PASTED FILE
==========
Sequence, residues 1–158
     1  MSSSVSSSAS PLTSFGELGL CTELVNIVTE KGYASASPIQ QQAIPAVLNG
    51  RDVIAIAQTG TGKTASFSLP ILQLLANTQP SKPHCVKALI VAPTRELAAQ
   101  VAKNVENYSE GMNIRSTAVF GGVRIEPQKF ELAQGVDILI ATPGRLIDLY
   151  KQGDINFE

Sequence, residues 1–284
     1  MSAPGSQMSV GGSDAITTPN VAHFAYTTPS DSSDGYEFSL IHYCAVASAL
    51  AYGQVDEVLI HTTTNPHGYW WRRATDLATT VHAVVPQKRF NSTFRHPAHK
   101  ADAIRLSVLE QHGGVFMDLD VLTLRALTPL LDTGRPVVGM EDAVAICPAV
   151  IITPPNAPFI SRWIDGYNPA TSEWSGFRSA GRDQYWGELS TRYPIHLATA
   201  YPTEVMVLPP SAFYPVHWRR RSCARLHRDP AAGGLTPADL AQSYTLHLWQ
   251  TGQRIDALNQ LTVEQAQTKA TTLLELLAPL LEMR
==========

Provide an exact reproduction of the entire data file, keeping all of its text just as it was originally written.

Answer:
Sequence, residues 1–158
     1  MSSSVSSSAS PLTSFGELGL CTELVNIVTE KGYASASPIQ QQAIPAVLNG
    51  RDVIAIAQTG TGKTASFSLP ILQLLANTQP SKPHCVKALI VAPTRELAAQ
   101  VAKNVENYSE GMNIRSTAVF GGVRIEPQKF ELAQGVDILI ATPGRLIDLY
   151  KQGDINFE

Sequence, residues 1–284
     1  MSAPGSQMSV GGSDAITTPN VAHFAYTTPS DSSDGYEFSL IHYCAVASAL
    51  AYGQVDEVLI HTTTNPHGYW WRRATDLATT VHAVVPQKRF NSTFRHPAHK
   101  ADAIRLSVLE QHGGVFMDLD VLTLRALTPL LDTGRPVVGM EDAVAICPAV
   151  IITPPNAPFI SRWIDGYNPA TSEWSGFRSA GRDQYWGELS TRYPIHLATA
   201  YPTEVMVLPP SAFYPVHWRR RSCARLHRDP AAGGLTPADL AQSYTLHLWQ
   251  TGQRIDALNQ LTVEQAQTKA TTLLELLAPL LEMR